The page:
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The Daily Wildcat

The Daily Wildcat


    Supreme Court in a tussle over Shakespeare

    Since the Supreme Court is made up of nine justices, a hung jury is a fairly unusual event. But it’s happened. Believe it or not, the highest court in the country can’t decide whether or not William Shakespeare really wrote his plays.

    Justice John Paul Stevens, the senior member of the Court, told the Wall Street Journal this weekend that he thinks “”Hamlet,”” “”King Lear”” and the other plays were written by Edward de Vere, the 17th Earl of Oxford. Stevens, like other “”Oxfordians,”” finds it unlikely that an ordinary man like William Shakespeare could have known all that he did about history, let alone been possessed of such an extraordinary writing talent.

    For once, conservative Antonin Scalia agrees with the liberal Stevens, telling the Journal that he thinks “”a democratic bias”” motivates the “”pro-Shakespearean”” belief that a man with Shakespeare’s undistinguished background could have written the greatest works in the English language. How could a nobody with no background have written Hamlet’s monologues, or the Sonnets? Only an aristocrat like the Earl of Oxford would have possessed the necessary background and sophistication necessary.

    Justices Anthony Kennedy and Stephen Breyer think Stevens and Scalia are dead wrong, and contend that the man born in Stratford-upon-Avon in 1564 was the real deal. Of the remaining justices, John Roberts, Clarence Thomas and Samuel Alito declined comment, while Ruth Bader Ginsburg and David Souter said they weren’t sure either way. The single living retired justice, Sandra Day O’Connor, told the Journal she thought it was possible that Shakespeare “”might well”” not have been the real author.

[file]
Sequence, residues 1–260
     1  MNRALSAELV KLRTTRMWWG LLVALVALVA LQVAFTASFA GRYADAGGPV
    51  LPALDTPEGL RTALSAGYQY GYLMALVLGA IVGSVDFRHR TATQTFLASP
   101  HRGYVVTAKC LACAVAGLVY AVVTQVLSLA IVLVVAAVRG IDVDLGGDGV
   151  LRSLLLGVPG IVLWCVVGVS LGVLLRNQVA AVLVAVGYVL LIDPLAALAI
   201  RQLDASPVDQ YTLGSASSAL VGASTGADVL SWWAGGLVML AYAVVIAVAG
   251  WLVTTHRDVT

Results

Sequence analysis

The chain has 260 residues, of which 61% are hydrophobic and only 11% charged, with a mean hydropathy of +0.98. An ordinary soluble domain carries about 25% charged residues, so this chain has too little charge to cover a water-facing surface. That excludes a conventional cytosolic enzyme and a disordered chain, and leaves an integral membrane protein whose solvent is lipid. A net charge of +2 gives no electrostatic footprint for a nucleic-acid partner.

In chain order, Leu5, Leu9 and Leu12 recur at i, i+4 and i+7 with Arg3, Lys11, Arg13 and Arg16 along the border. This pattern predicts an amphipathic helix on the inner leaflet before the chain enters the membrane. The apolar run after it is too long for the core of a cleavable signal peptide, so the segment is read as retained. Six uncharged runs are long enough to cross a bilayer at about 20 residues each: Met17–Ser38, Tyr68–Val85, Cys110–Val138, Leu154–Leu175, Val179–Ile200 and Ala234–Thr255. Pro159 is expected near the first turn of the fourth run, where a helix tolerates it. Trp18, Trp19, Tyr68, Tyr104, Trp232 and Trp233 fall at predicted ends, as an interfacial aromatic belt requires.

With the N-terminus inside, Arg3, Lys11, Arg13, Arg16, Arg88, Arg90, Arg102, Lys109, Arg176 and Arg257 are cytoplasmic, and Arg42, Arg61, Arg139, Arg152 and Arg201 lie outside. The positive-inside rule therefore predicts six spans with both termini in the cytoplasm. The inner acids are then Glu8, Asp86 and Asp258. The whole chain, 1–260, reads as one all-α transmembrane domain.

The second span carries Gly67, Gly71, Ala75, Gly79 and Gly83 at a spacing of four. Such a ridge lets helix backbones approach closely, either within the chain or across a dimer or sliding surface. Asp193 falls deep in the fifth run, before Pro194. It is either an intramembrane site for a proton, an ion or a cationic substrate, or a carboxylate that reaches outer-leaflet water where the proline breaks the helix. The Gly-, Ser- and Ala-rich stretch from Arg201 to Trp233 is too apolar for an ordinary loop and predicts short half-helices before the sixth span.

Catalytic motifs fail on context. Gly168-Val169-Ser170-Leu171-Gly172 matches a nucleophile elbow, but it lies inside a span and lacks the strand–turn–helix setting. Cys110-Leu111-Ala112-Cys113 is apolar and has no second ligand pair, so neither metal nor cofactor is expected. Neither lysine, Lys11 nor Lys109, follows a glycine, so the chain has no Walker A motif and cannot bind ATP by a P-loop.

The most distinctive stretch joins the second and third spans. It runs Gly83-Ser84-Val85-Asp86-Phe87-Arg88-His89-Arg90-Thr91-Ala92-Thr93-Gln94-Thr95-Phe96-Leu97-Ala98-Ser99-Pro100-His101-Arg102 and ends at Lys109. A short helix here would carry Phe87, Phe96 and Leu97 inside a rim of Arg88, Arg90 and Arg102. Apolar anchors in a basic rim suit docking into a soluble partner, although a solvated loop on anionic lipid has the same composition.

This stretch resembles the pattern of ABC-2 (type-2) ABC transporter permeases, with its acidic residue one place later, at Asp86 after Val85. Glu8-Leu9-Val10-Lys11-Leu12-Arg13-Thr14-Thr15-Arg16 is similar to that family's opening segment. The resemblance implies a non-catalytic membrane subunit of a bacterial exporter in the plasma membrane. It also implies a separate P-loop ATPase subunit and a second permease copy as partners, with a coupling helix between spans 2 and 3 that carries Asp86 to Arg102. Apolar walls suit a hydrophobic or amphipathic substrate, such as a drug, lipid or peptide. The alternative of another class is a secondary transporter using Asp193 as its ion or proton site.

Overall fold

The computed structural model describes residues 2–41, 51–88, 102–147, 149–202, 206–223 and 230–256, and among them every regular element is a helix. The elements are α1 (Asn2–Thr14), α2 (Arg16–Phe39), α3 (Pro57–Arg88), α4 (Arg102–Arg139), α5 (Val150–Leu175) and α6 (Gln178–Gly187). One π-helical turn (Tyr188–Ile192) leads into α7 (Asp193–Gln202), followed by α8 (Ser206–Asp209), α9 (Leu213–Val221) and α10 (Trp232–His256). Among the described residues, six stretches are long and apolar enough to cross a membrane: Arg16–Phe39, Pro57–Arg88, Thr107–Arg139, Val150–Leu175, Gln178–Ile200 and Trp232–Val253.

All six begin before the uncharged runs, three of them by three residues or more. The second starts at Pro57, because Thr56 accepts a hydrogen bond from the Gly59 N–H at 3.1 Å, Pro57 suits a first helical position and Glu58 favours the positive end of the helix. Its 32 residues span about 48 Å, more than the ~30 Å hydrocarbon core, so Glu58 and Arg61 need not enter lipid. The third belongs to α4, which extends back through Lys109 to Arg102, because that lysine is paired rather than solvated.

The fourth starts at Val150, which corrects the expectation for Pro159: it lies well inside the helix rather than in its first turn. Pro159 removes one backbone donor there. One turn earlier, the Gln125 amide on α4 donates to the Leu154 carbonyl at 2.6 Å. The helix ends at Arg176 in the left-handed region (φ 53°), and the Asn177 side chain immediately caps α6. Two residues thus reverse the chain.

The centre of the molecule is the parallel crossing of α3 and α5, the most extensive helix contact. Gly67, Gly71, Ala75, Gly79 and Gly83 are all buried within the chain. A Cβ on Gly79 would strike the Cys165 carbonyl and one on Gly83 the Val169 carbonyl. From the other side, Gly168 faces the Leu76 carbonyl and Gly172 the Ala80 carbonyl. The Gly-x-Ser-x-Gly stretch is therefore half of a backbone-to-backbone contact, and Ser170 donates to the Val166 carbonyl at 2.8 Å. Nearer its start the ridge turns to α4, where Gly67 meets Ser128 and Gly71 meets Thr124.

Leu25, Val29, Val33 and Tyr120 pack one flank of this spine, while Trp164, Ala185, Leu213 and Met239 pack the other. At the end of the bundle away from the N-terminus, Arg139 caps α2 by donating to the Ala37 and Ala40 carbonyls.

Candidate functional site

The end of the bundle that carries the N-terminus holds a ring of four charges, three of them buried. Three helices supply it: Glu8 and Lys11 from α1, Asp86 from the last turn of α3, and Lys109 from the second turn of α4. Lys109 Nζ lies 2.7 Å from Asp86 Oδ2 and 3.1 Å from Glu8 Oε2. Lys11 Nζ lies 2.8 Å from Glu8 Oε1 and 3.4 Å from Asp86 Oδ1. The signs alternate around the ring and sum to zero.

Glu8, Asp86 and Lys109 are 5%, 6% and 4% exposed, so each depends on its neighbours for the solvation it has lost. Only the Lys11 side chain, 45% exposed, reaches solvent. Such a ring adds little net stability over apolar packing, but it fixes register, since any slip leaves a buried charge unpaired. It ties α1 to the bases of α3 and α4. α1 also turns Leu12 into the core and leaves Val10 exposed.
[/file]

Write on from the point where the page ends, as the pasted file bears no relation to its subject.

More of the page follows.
It’s certainly possible that Shakespeare wasn’t the real author of his immortal plays. He lived long enough ago -ÿand was considered unimportant enough at the time – that we don’t really have a great deal of evidence either way. And people have been arguing over who “”really”” wrote the plays since the 18th century. Popular candidates include Sir Francis Bacon, King James I, and even Queen Elizabeth I. Some have even argued that the plays were written by a committee. The problem with all these theories is that they require a lot more evidence than the simple, obvious theory that Shakespeare wrote the plays, and most of that additional evidence is pretty unconvincing.

    My personal favorite theory is that the real author was Christopher Marlowe, who supposedly died in 1593, when Shakespeare only had a handful of underwhelming plays under his belt. According to this theory, Marlowe faked his death, Elvis-style, and wrote “”Hamlet”” and the other plays under his rival’s name. Where was Shakespeare? Off writing lyrics for Jim Morrison?

    In a way, this is just harmless fun. To quote an old joke, Shakespeare’s plays were not written by Shakespeare but by “”another man of the same name.””

    But the attitude that appears to lie behind the Supreme Court Oxfordians’ conviction isn’t harmless or funny at all. It’s downright ugly.